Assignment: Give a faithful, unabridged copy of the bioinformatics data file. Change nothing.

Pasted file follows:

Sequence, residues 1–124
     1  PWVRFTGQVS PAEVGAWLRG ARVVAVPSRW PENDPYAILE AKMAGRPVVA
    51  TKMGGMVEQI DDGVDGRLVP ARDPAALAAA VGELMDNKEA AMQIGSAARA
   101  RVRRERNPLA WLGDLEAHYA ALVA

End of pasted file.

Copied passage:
Sequence, residues 1–124
     1  PWVRFTGQVS PAEVGAWLRG ARVVAVPSRW PENDPYAILE AKMAGRPVVA
    51  TKMGGMVEQI DDGVDGRLVP ARDPAALAAA VGELMDNKEA AMQIGSAARA
   101  RVRRERNPLA WLGDLEAHYA ALVA